Preface: For the last two years, we have adopted ALONUI: In Full Presence as our theme of the year, as added punch to our value of the month practice. Prior to that, it was GOOD: January’s Beginnings are in Our Good.
I haven’t been consistent in selecting a theme of the year, however 2021 seems to be begging for it. In fact, I’ve thought about adopting this theme since this past September, when we delved into Hō‘imi, the value of positive expectancy.
Our Ho‘ohana Community theme for 2021 will be Experiment!
Not ‘experimentation,’ for that’s more past tense, and can be about other people. Experiment, as in NOW, and as in for YOU, and as Go for it!
Try things against your grain to find out just what your grain really is.
You are a jigsaw puzzle piece of a certain shape. You could change your shape to fit an existing hole in the world. That was the traditional plan. But there’s another way that can often be better for you and for the world: to grow a new puzzle around you. That’s what I did, and I was a pretty weird-shaped piece. So if I can do it, there’s more hope for you than you probably realize.
—Jessica Livingston, cofounder and partner at Y Combinator
Silver Linings and Silk Purses
We have all been born with our Aloha Spirit, and with a wealth of human talent. Much as we admire the work ethic which activates spirit and talent however, we aren’t guaranteed opportunity and must usually search for it. There is also no denying that luck and good fortune play a part in how blessed our lives become.
2020 could rightfully be dubbed the year all the rules changed. Those changes were a mixture of the good and the bad, and as Hō‘imi has taught us, we always have a choice in what our reactions will be, so the good outweighs the bad, and that good perseveres (as in the value of Ho‘omau)—so we make that proverbial silk purse out of a sow’s ear.
If not now, when?
When I think about the good which came out of 2020, I see the rule-changing packaged with a whole lot of permissiveness.
The Covid-19 pandemic has affected us dramatically. It has been more than okay to change, whether in our habits, our work and how we did it, or even with where we decided to live—change and adaptation has been expected and encouraged. Still is.
Several stigmas, such as with being furloughed, laid-off and fired, have lessened. All kinds of professionals have been okay with being considered “unessential workers” this past year—I’ve been one of them, putting my business on hiatus indefinitely last March, and reworking my business plan to better adapt to an uncertain future. As one of my coaching friends put it when we compared notes, “The humility called for in these times has been an exceptionally good teacher.”
We have felt a new and different kind of camaraderie in our shared experiences, tough as they may be. We’ve “all been in this together” as a society-pervasive sorting out, streamlining, and shifting of priorities, examining a lot of variables we largely took for granted before, such as school and in-person learning.
Not for a second do I imply that any of this has been easy, yet this fact stands: We’ve done it, and we continue to forge ahead.
We can do so much more. The pandemic has exposed much more than our shortfalls in healthcare and governance, hasn’t it. Entitlement remains an ugly word and uglier presence—as it should, in any community which values equality and equity, and the benevolence of those who are more fortunate.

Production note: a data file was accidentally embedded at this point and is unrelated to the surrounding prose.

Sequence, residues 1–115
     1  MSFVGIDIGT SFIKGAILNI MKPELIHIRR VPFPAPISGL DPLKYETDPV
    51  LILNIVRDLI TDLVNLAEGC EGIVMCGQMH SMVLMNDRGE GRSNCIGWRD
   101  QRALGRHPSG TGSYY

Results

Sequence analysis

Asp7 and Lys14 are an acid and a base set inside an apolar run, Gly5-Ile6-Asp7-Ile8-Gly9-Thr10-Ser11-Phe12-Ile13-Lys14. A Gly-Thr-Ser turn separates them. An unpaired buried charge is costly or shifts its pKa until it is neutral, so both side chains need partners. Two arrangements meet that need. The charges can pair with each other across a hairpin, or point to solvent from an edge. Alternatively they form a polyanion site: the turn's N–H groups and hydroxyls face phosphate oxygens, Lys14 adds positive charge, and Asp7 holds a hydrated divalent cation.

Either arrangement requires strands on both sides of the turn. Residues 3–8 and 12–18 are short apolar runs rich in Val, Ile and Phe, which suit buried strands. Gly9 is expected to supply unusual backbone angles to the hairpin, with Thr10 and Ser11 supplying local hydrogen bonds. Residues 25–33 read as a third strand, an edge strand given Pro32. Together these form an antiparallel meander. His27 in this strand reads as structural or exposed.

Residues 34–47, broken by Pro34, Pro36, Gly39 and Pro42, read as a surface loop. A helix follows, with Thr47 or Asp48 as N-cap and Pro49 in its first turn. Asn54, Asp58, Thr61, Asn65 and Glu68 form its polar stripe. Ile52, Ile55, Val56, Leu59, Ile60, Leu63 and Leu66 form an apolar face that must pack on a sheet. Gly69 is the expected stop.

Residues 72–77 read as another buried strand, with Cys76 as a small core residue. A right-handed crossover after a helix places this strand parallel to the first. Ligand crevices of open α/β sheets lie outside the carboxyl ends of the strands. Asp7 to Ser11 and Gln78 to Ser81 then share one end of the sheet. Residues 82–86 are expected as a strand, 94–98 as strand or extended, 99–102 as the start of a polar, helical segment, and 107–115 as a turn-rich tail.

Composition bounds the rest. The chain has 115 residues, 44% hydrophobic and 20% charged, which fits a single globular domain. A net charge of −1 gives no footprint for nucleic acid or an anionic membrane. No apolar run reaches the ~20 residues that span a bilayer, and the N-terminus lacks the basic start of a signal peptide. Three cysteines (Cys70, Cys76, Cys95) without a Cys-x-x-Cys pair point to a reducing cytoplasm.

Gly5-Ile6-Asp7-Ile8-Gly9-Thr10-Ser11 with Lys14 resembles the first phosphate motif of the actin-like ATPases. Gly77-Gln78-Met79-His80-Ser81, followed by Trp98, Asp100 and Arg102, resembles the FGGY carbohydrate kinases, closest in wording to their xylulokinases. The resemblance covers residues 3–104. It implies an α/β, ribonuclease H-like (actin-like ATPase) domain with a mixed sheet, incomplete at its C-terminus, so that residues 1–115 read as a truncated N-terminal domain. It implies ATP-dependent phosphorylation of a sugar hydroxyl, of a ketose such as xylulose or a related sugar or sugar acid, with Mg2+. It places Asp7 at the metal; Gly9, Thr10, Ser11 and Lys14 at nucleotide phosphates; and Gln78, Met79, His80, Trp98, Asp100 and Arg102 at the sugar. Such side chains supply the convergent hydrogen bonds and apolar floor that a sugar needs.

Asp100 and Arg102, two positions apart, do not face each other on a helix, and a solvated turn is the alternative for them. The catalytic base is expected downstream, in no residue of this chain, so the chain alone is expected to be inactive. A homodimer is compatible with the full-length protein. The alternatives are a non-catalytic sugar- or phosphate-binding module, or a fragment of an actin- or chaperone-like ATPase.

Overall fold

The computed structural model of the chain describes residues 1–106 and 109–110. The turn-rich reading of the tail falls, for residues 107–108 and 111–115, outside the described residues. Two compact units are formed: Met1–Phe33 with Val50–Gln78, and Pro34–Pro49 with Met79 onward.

In 2021, let’s continue to be rule-changers.
Let’s continue to question the essential and non-essential.
Let’s continue to strike through old assumptions, worn out traditions, and previously unchallenged conventions.
Let’s make more change—more good change—with our willingness, and stigma-free encouragement to experiment.
Does a part of you envision a mad scientist when you say “experiment?” Or maybe you’re remembering being back in school, and having a science fair entry go miserably wrong. I thought about both those things too, but as I said before, I’ve sat with the word for several months now, and here’s what I keep coming back to:
When you take on an experiment, it’s okay to make a whole mess of mistakes. It’s actually smart to expect outright failure, so you’re more careful and proactive with laying out all your variables and options.
What’s NOT okay, is not trying. What’s NOT okay, is hesitation, doubt and pessimism—you’ve got to go through the motions of the experiment and do them, praying for an element of surprise and your breakthrough moment.
I didn’t think; I experimented.
How absolutely wonderful, when we apply those same experimental elements to the course of our own lives! Our habits. Our work and how we get it done. Where we live, and why we choose to live there. Experiment with all of it in 2021, and see what happens…
I bet it will be GOOD.
All life is an experiment. The more experiments you make the better.
—Ralph Waldo Emerson
Postscript: When I write entries for this blog, it forces me to categorize them —where would I put Experiment!? With Palena ‘ole, definitely;
Key 9. PALENA ‘OLE:
Palena ‘ole is the Hawaiian concept of unlimited capacity. This is your exponential growth stage, and about seeing your bigger and better leadership dreams come to fruition. Think “Legacy” and “Abundance” and welcome the coaching of PONO into your life as the value it is. We create our abundance by honoring human capacity; physical, intellectual, emotional, and spiritual. When we seek inclusive, full engagement and optimal productivity, any scarcity will be banished. Growth is welcomed and change is never feared; enthusiasm flourishes. PALENA ‘OLE is an everyday attitude in an ‘Ohana in Business, assuming that growth and abundance is always present as an opportunity. Given voice, Palena ‘ole sounds like this: “Don’t limit yourself! Why settle for ‘either/or’ when we can go for the ‘and’ and be better?”
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